Join Derrick Story for an in-depth discussion in this video Customizing the Adjustments tab, part of Aperture 2 Essential Training.
By now after working with all these different adjustments in Aperture,…there are probably some that you like a lot and some that you are not so crazy about.…If you happened to have one of those you are not so crazy about,…here in your default set,…you can remove it…and there is something that you love that's up here in the plus menu, you can add it to your default set.…I am going to show you how to do that right now.…Let's say that you are not such a big Highlights & Shadows kind of person.…So you can just click on the Gear menu,…go Remove from Default Set,…let's click here and click back…and you'll see that it's gone.…
Now you still have access to it,…it's up here, right?…So you can always bring it back if you want.…You have just taken it out of your default set.…Now on the other hand, you just love Edge Sharpen…and you think it's one of the most wonderful things on the entire planet.…Go to the plus menu,…add Edge Sharpen,…click Add to Default Set,…and now it's part of our Default Set. I'll click somewhere else,…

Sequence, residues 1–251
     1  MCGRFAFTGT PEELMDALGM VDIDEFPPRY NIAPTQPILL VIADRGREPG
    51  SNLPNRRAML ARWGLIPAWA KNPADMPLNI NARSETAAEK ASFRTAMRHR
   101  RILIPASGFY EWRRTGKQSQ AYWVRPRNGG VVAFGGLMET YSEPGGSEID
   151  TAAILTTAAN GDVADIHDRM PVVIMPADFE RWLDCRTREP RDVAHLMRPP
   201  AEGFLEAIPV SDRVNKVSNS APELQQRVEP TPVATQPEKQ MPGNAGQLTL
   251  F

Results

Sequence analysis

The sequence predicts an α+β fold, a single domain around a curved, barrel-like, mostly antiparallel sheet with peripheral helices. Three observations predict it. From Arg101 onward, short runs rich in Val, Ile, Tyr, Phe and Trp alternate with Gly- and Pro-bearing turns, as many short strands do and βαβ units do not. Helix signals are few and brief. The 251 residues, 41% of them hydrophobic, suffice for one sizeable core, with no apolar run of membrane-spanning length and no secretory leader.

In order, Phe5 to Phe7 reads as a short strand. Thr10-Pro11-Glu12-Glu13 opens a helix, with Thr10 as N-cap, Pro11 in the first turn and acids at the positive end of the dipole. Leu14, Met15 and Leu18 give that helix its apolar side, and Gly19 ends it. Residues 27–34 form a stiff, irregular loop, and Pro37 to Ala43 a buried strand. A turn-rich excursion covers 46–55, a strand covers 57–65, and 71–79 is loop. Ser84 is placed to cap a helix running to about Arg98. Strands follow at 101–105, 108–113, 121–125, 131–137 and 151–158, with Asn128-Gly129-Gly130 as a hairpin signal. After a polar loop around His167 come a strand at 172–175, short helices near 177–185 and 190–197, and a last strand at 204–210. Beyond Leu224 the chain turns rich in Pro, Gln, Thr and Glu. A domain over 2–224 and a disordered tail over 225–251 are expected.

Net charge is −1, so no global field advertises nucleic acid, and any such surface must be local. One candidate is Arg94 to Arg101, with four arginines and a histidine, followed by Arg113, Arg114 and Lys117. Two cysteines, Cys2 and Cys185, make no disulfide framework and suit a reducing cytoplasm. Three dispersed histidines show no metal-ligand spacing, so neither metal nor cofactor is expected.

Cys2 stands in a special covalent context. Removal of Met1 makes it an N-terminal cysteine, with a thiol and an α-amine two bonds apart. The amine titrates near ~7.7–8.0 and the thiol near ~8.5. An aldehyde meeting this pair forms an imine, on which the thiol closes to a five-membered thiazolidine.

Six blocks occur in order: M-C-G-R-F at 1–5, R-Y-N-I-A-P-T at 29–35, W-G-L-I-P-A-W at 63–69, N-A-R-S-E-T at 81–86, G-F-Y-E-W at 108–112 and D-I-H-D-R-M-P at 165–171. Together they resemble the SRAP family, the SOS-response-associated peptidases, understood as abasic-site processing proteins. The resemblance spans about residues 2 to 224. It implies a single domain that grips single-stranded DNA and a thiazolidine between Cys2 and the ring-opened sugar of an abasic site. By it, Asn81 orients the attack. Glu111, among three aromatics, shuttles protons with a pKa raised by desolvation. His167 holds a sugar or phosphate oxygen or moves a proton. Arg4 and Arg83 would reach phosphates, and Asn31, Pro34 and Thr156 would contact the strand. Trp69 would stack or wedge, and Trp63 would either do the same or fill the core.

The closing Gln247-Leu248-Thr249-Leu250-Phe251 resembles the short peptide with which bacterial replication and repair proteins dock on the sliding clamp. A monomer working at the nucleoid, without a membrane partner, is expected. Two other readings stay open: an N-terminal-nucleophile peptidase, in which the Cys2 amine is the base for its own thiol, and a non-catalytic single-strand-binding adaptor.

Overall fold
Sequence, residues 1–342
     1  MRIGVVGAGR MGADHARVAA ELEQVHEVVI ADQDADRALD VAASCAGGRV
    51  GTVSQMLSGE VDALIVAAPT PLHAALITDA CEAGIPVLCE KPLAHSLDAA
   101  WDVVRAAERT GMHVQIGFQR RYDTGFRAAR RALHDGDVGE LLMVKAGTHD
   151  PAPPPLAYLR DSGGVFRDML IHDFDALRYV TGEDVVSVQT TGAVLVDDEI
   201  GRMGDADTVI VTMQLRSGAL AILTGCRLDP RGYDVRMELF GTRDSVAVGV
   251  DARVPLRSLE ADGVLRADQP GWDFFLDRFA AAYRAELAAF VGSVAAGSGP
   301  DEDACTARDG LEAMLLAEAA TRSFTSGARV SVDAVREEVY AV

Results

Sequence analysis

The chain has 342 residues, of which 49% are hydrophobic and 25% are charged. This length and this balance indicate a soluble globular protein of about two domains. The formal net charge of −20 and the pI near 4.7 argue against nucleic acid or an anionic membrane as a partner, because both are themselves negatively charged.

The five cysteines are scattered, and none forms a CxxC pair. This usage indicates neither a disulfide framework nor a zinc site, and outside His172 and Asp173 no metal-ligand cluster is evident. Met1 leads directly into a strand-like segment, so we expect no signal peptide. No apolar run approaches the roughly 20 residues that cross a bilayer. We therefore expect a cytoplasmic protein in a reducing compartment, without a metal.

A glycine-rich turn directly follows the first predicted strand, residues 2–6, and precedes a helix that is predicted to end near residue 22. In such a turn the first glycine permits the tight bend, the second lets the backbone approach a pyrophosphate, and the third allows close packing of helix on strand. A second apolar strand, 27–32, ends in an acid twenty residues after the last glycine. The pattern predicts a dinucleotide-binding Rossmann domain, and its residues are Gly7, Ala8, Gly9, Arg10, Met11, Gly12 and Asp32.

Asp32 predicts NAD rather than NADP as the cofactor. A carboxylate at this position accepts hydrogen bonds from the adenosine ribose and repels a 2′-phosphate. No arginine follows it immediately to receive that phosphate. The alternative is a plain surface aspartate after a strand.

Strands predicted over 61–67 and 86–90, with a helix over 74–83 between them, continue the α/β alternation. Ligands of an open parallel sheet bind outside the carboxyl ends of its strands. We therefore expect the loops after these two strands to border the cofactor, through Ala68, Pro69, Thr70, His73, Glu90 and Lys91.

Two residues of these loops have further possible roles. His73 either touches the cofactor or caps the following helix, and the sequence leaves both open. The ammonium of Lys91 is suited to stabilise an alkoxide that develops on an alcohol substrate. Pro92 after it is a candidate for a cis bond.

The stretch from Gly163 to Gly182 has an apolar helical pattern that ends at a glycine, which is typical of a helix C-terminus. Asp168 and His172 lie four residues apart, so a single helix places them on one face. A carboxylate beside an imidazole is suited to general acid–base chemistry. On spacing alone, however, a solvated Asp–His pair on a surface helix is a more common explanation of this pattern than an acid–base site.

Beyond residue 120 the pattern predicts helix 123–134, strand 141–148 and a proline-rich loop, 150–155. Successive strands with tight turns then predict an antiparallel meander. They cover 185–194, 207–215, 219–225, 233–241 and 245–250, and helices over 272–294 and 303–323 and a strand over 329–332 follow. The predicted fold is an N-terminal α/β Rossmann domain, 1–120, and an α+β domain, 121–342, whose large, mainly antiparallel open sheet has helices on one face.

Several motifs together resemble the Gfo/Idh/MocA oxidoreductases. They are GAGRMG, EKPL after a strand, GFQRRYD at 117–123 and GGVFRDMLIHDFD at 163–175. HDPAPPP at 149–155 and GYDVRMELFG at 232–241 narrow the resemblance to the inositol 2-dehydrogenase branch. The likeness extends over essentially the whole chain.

- Understanding Aperture terms, interface, preferences, and workflow
- Creating metadata presets and adding keywords on import
- Importing images from a digital camera, hard drive, or iPhoto library
- Using tethered shooting
- Viewing images with previews, slideshows, and metadata overlays
- Comparing, selecting, and organizing images
- Correcting white balance, exposure, levels, and color
- Using Retouch, Straighten, Crop, Vignette, and other image adjustments
- Applying sharpening and noise reduction adjustments
- Searching for images and creating Smart Albums
- Exporting, archiving, and backing up photos
- Designing books, publishing web galleries, and printing images
Skill Level Beginner
Q: Are there a way to increase the font size in Aperture?
A: Not in Aperture itself, but you can use the zoom feature built into your operating system. (Aperture is a Mac-only program, by the way.) Go to the Apple menu and open System Preferences. Choose Universal Access. Turn on Zoom under the Seeing tab. Then, in any application, you can press Shift+Cmd+Plus to zoom in and Shift+Cmd+Minus to zoom out.
We advise you do not lower the screen resolution unless it's absolutely necessary, as that approach tends to make images softer than they really are. But if your sight is very poor, the tradeoff might be worth it.
1. Getting Started
2. Importing Images
3. Viewing Images
4. Comparing, Selecting, and Organizing Images
5. Making Basic Image Adjustments
6. Making Additional Image Adjustments
7. Using Unique Aperture Tools
8. Modifying Metadata
9. Searching for Images
10. Exporting Images
Using the Export plug-ins3m 27s
11. Archiving Photos
12. Using Aperture's Book-Making and Design Tools
13. Building Web Pages
14. Printing Images
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